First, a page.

How Employers Can Support Mental Health Awareness

It’s no secret the COVID Pandemic has put employees through tremendous stress.

“Quarantining, isolating and social distancing is very contrary to every fiber of how we are created as human beings,” said Ward Blanchet, Founder and CEO of The Blanchard Institute, Catapult’s guest expert during May’s installment of Thinking Differently. “We’ve without a doubt been negatively impacted over the past few years. It’s important to gain insight on how that’s influenced society not only on a personal level but as organizations.”

How do employers fit into this mix? How does this impact to mental health affect the workplace, and what can employers do to support employees?

The role of employers in mental health

It’s important to recognize that professional stress does impact personal life, and vice-versa. Especially since burnout isn’t a new concept.

“The harder you work, the more respectable you are in American society,” says Ward. When coupled with the isolation and instability presented by the pandemic, “people’s mental health and anxiety were thrown into overdrive.”

It’s estimated that poor mental health and substance abuse annually contributes to $1 trillion in profit loss globally. That makes sense when you consider that clinical depression is the leading cause of global medical disability.

Chronic stress is a leading cause of clinical depression and experiencing prolonged anxiety doesn’t support healthy brain functioning.

“Employers do not function well when employees are not operating with a well-functioning frontal cortex, which is heavily damaged by stress hormones,” says Ward. “It’s not good for performance. It’s not good for culture.”

What society can do

  1. Be realistic to reduce misconceptions. “Simply put, we need to reduce the stigma of substance abuse,” says Ward. “76% of people who struggle with a substance use disorder (SUD) have a fully functioning job.”

    As a society, Ward asserts that employers must be realistic about their internal staff being part of that statistic. “The assumption that people who have SUD and are external to everyday society is a gross assumption. 49% of US Workers are struggling with substance abuse or alcohol abuse. That’s a lot of people.”

    Ward emphasizes that while EAP and token workplace initiatives are incredibly important, they aren’t enough for creating a sense of belonging and safety.

    “Only 3% of employees at companies with EAPs access those programs,” says Ward. “Plus, 46% of the workforce need mental health support but don’t access it. That largely falls on stigma. Employees don’t feel like they can access these programs without repercussions.”

  2. Realize those struggling with SUDs are ill. Under substance abuse, executive functioning parts of the brain are not functioning properly. “Without a working brain, struggling employees can’t understand or have the motivation to get better. That’s because they don’t have the frontal cortex functioning to help them comply with the healthiest choice for them,” says Ward.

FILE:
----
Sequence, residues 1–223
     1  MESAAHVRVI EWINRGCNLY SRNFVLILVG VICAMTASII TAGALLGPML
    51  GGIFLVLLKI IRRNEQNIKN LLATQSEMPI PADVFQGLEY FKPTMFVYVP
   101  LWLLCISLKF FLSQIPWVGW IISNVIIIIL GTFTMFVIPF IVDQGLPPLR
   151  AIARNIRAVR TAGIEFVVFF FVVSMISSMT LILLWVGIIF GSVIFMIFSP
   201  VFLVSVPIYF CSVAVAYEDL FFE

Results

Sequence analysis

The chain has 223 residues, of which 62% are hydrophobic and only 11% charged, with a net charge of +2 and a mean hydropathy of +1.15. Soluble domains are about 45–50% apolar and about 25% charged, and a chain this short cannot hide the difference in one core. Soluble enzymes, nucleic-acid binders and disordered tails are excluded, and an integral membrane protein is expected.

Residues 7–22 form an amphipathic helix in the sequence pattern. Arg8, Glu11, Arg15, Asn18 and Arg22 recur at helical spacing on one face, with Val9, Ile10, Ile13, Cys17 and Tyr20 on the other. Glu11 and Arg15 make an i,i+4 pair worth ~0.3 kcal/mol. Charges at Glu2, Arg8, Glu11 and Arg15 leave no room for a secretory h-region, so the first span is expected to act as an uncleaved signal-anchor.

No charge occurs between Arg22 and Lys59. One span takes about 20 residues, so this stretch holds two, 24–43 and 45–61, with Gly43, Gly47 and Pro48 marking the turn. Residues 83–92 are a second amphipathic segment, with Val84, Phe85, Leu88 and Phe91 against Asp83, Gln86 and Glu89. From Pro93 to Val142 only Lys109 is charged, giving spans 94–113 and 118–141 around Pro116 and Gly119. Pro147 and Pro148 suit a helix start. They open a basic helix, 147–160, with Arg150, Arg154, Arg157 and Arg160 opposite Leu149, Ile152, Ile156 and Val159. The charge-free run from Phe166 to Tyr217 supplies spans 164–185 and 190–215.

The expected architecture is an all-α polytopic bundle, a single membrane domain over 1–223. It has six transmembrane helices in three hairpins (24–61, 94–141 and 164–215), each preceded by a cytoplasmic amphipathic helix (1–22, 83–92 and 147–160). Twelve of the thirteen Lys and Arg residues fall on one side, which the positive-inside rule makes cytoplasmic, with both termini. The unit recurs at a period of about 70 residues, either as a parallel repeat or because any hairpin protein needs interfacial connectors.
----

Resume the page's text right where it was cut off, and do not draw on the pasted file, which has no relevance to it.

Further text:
3. Realizing healing takes time. The retraining of the brain, or neuroplasticity, takes time—a year-and-a-half to two years—to stabilize. “It takes consistency, not intensity,” says Ward. “Recovery and mental health stability are absolutely possible.” For employees with SUDs, it’s about setting boundaries and enforcing compliance. Getting EAP informed is an overwhelmingly significant factor in ensuring success.

What Employers can do

  1. Consider Outpatient Resources. “People think that mental health is not an employer’s role,” says Ward. “However, employers must accept the reality that people who are showing up to our organizations are facing extreme stress and substance abuse disorders. It’s important that we treat this disease with evidence-based treatment. “

    The Blanchard Institute is an excellence-focused, clinically focused, safety and trauma-focused, and family-focused outpatient resource that meets the clinical and medical criteria necessary to make a difference.

    “We help companies understand how to support employees and to understand the role of workplaces,” says Ward. “Burnout has played a great role in the increase in mental health issues and substance abuse, so we need compassionate workplace communities. That’s how we create sustainable working populations.”

    Ward also emphasizes the importance of assessment, using a measurable tool to understand where someone is in their SUD journey. A series of questions and evidence-based tests need to present reports and metrics. These metrics help create a measurable recommendation and understand levels of care. 

  2. Be informed. Ward emphasizes the importance of gathering the correct information and informing ourselves as employers. Attending excellent educational and cultural resources, like Catapult’s Thinking Differently monthly series, is an excellent start. Engaging in these topics through our Employer’s Association is a great way to begin taking your initiatives off the ground.
  3. Conduct staff training. “We do diversity training, sexual harassment, nonviolence… but mental health needs to be done with all staff, too,” says Ward. “North Carolina has the highest rate of substance abuse and the lowest rate of resources in the country.” One resource is Mental Health America of the Central Carolinas. They’re a non-profit organization providing mental health advocacy, education and services to employers in North Carolina.

Interested in learning more recommendations from our guest expert? Review the full Thinking Differently session recording. You can also sign up for our next Thinking Differently session to further your employer education.

 

 

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